I remember that the loan broker my ex-girlfriend used want me to state that bridge loan I was providing her was a gift. He seem surprised when I refuse to do so because I complained "It says in big red letters I swear under penalty of perjury that everything on this application is true", I want the house but it worth going to jail for". The lie was completely unnecessary but was clear that it was part of this farce, where everybody involved mortgage broker, lender, real estate agents, knew that mortgage application were works of creative fiction, but nobody cared. At the end of the day the borrowers are the ones who risked perjury prosecution but signed the loan papers anyway. Sure they made not have understood all the details of their option ARM, but even a financial idiot knows the difference between a loan and a gift.
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Old 09-21-2008, 04:42 PM   #34
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He seem surprised when I refuse to do so because I complained "It says in big red letters I swear under penalty of perjury that everything on this application is true", I want the house but it worth going to jail for". The lie was completely unnecessary but was clear that it was part of this farce, where everybody involved mortgage broker, lender, real estate agents, knew that mortgage application were works of creative fiction, but nobody cared. At the end of the day the borrowers are the ones who risked perjury prosecution but signed the loan papers anyway.
We had a similar problem with a local realtor-- Richard Sterman. He was positive that nobody would care, let alone enforce the rules, and he couldn't understand why we were being so unreasonable over a little paperwork that would've left our assets hanging out in a cold breeze. The deal died acrimoniously with all sides pitching hand grenades.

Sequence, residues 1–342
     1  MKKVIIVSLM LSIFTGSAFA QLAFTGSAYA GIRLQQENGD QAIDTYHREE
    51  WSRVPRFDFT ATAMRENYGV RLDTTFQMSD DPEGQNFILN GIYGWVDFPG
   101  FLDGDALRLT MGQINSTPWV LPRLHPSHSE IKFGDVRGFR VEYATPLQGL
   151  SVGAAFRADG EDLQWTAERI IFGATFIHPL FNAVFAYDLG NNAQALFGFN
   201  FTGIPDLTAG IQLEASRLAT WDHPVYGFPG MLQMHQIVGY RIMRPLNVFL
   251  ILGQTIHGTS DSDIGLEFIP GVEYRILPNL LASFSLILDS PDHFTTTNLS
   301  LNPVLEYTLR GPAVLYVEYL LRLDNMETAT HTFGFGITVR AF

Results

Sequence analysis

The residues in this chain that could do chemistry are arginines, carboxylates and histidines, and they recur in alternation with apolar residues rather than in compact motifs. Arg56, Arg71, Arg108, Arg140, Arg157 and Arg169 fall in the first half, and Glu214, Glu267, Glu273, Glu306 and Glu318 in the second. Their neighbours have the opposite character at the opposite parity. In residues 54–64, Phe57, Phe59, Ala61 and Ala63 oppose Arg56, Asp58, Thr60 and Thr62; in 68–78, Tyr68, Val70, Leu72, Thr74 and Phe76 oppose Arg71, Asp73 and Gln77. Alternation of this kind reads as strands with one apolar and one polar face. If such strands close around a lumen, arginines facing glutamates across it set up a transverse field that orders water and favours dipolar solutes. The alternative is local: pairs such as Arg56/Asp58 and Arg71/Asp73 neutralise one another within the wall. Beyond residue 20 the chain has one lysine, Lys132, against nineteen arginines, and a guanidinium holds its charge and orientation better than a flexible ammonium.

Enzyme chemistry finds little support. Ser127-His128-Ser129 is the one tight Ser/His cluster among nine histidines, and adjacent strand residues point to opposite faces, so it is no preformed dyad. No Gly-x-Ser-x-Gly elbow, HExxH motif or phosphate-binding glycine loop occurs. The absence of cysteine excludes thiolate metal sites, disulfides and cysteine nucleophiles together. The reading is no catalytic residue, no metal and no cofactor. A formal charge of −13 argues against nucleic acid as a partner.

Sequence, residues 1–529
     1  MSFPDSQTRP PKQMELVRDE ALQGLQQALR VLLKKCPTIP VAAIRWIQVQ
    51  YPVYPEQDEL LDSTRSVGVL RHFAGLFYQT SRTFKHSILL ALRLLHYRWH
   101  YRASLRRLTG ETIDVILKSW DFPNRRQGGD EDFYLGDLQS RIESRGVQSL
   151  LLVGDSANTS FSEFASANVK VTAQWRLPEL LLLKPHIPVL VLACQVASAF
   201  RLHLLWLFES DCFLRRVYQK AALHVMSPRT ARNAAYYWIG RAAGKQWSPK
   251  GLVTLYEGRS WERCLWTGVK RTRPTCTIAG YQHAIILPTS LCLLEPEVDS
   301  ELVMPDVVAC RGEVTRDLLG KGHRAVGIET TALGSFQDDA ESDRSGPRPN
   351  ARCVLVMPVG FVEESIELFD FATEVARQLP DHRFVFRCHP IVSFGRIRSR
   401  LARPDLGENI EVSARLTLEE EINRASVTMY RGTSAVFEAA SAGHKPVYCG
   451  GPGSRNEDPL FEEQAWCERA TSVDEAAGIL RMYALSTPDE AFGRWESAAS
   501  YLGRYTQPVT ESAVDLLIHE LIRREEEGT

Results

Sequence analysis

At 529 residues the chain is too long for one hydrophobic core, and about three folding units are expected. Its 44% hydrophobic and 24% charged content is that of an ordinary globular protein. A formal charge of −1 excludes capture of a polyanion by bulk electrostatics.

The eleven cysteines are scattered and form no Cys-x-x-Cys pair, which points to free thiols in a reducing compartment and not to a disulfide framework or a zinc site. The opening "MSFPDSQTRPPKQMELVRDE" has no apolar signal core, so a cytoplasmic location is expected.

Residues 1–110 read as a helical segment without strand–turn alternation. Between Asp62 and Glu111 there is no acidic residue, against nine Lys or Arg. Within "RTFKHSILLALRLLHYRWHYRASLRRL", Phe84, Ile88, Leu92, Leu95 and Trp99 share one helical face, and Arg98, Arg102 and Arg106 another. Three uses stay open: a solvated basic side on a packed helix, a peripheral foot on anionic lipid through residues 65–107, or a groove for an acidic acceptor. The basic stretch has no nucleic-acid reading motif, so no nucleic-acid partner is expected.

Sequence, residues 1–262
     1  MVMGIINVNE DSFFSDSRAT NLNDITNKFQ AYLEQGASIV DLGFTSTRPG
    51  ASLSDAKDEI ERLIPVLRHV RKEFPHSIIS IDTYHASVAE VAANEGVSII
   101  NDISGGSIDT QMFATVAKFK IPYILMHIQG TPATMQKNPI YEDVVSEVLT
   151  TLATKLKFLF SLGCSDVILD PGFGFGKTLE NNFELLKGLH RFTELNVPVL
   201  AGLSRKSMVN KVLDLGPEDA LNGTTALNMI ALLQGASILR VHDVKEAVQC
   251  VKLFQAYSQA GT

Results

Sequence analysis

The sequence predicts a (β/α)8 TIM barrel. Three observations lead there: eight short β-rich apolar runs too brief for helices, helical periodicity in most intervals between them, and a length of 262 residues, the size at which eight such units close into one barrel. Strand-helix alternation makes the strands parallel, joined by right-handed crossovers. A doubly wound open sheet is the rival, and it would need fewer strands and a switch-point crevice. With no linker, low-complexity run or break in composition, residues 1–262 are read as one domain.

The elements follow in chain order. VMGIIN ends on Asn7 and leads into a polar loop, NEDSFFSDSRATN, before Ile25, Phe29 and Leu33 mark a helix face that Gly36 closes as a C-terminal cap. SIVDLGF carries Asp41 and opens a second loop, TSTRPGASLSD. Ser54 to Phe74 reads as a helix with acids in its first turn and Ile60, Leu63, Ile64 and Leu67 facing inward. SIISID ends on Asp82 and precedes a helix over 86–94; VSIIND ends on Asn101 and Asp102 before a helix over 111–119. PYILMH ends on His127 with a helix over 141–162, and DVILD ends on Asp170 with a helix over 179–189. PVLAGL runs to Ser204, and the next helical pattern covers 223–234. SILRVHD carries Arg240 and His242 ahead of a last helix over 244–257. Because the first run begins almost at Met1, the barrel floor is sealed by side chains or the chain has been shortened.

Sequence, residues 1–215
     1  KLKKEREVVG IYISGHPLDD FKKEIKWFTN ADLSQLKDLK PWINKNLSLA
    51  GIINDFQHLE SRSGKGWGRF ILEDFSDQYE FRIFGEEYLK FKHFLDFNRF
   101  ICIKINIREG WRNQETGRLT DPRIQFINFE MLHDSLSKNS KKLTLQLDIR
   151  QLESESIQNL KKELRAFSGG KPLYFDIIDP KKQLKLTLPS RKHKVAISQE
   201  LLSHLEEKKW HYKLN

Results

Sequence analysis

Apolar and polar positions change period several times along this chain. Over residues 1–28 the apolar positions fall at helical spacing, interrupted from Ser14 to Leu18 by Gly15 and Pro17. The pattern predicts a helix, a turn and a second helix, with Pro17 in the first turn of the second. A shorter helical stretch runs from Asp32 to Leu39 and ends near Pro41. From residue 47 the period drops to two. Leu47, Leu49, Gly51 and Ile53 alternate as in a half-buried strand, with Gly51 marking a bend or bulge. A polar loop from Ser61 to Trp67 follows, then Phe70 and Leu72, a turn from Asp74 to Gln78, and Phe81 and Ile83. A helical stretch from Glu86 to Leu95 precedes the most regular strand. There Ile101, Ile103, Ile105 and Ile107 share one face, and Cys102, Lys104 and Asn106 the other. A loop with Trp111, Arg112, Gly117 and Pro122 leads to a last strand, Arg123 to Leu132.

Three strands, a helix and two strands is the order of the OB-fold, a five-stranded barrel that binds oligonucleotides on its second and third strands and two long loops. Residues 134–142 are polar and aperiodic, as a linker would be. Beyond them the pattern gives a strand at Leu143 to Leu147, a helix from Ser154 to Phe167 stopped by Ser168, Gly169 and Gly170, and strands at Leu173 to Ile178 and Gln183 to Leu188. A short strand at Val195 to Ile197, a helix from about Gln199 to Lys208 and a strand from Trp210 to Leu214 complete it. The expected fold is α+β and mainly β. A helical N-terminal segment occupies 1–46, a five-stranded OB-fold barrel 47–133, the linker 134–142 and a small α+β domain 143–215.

Less than a year later the authorities & banks started enforcing the rules in exactly the situation that he was proposing to set up.

He's still in business but karma has definitely had its way with him.
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Old 09-21-2008, 06:22 PM   #35
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I remember that the loan broker my ex-girlfriend used want me to state that bridge loan I was providing her was a gift. He seem surprised when I refuse to do so because I complained "It says in big red letters I swear under penalty of perjury that everything on this application is true", I want the house but it worth going to jail for".
Smart. I betcha you got the loan repaid before she became your ex-girlfriend. If you had signed a statement that it was really a gift, you might be reporting an unpaid debt on your IRS return.

But seriously, I think the "down payment can't be borrowed" requirement is ridiculous... it's widely and easily flaunted, so why have the rule at all. It mostly penalizes people for telling the truth, getting them used to lying on their application. I'd prefer to just see an explicit requirement that the funds be in your account for X months ahead of time. Rules that are widely disobeyed lead people to disobey the rules.